Plugging the gap in seabed maps.
As more demands are placed upon the coastal waters of the UK it is increasingly important to have access to reliable seabed maps which can be used to address marine policy, planning, spatial management and scientific issues. In Europe much of the existing seabed information has been based upon efforts focussed on seabed classification and discrete habitat mapping, often limited in extent, leaving large gaps in our knowledge. Benthic species have differing sediment requirements, thus mapping sediments can be helpful in providing information on mud content and median grain size, enabling the identification of ecologically distinct habitats. Statistical models have been shown to have the ability to predict sediment composition in British waters and the North Sea with a high degree of accuracy. By taking existing data on seabed sediments and combining it with statistically modelled values the missing parts of the sea bed mosaic can be added and help to provide a series of ‘synthetic’ maps of the north western sedimentary environment covering the area from the Bay of Biscay to the Faroes. This approach, developed by MERP scientists has resulted in the most extensive data sets of sediment composition and disturbance regimes that exist over such a large spatial scale. Not only will these maps benefit future research but they also have management applications in being able to predict species distributions and, knowing how sea beds are naturally disturbed, and what the impacts of anthropogenic activities (trawling, for example) might be.
Six-step cost benefit analysis assessment of MSFD PoMs
The EU Marine Strategy Framework Directive (MSFD) requires that Member States achieve ‘Good Environmental Status’ (GES) by 2020 through Programmes of Measures (PoMs) based on environmental targets and indicators. Before these POMs are initiated, impacts, including cost benefit analysis (CBA), have to be assessed. CBA may not be able to assign a monetary value to all effects of these measures but at least they have to be listed and acknowledged. Carrying out such assessments requires an interdisciplinary approach between natural and social scientists using economic analysis to evaluate outputs from ecological analyses designed to determine the effects of such management measures. Using CBA does have its challenges however, not least being “lack of knowledge on the links between potential measures, improvement of marine ecosystems and corresponding economic and social value”. In order to add to existing guidance on the application of CBAs to marine ecosystems for the MSFD, MERP has contributed to a comparison of existing environmental CBA application from three member States: Finland, UK and Spain. Each case study takes a different approach reflecting local conditions, accessible data and the nature of the descriptors being studied; to make them comparable a sixstep process was followed. This allowed for systematic interrogation of the strengths and challenges of each approach. It found that challenges indeed arise in valuing the physical impacts in economic terms, and made recommendations including: the need to further develop the CBA approach to better integrate the ecosystem services approach with environmental valuation techniques. Cost effective analysis is recommended where measurement of benefits in an environmental approach is difficult, and the potential of applying multi-criteria analysis, perhaps in conjunction with expert elicitation, which brings together scientific consensus, is also suggested. Finally the use of modelling where models and data exist, or where new models can be constructed, is also recommended as a means of providing cost and benefit estimates, and for predicting future ecosystem service provision.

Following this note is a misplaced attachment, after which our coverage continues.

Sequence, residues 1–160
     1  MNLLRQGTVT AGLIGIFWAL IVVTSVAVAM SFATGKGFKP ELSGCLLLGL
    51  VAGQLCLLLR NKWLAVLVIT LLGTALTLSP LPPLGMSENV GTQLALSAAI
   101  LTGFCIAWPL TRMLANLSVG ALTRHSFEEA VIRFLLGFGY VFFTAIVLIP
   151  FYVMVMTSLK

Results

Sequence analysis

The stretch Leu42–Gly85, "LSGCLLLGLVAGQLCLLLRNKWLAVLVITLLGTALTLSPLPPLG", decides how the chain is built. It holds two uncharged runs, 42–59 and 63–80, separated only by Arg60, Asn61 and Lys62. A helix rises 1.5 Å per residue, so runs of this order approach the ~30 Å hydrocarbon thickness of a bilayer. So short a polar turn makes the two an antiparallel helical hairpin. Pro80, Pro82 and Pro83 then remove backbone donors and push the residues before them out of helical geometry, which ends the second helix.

Valuing biodiversity – useful for management?
Contemporary threats to marine biodiversity, including unsustainable fishing, pollution and climate change, are likely to cause unpredictable changes in the provision of ecosystem services (ES). ES are the direct and indirect contributions of ecosystems to human well-being. Valuation of biodiversity and ES is now widely recognised as a useful, though sometimes contentious, tool for conservation and management in the terrestrial environment. The ocean, however, is difficult to study, has complex governance issues, and historically biodiversity, conservation and resource management have been separate. If included at all, it has often been specifically the value of target fisheries, for example, with wider less tangible, ES being ignored. This has resulted in valuation lagging behind, its efficacy often unproven. But, in the face of accelerating loss of marine biodiversity, and hence the ES it supports, MERP scientists working with colleagues form the British Antarctic Survey and The Pacific Community propose a new approach following investigations using three test case areas: the tropical Pacific, the Southern Ocean and UK coastal waters. This relates biodiversity and ES with ecosystem structure and functioning to provide a context within which marine conservation and management decisions can reflect the key role played by biodiversity in sustaining ecosystem value. An approach is recommended which: couples hydrological, ecological and fisheries models with economic models and decision support tools; considers trade-offs in decision making; uses a common terminology to increase understanding and bridge the divide between resource management and biodiversity conservation; and embeds ES valuation and biodiversity in management frameworks.